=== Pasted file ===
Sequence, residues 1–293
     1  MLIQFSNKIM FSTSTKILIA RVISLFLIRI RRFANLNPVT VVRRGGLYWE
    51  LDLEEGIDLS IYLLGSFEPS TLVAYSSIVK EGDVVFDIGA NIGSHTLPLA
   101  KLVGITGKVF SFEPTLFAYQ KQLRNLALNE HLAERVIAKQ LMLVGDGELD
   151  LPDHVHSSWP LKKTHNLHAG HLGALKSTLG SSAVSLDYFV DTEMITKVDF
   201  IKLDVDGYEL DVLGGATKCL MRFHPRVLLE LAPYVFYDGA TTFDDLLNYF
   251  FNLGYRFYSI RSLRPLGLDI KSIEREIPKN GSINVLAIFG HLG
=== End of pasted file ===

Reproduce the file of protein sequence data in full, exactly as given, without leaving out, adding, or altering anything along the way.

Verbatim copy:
Sequence, residues 1–293
     1  MLIQFSNKIM FSTSTKILIA RVISLFLIRI RRFANLNPVT VVRRGGLYWE
    51  LDLEEGIDLS IYLLGSFEPS TLVAYSSIVK EGDVVFDIGA NIGSHTLPLA
   101  KLVGITGKVF SFEPTLFAYQ KQLRNLALNE HLAERVIAKQ LMLVGDGELD
   151  LPDHVHSSWP LKKTHNLHAG HLGALKSTLG SSAVSLDYFV DTEMITKVDF
   201  IKLDVDGYEL DVLGGATKCL MRFHPRVLLE LAPYVFYDGA TTFDDLLNYF
   251  FNLGYRFYSI RSLRPLGLDI KSIEREIPKN GSINVLAIFG HLG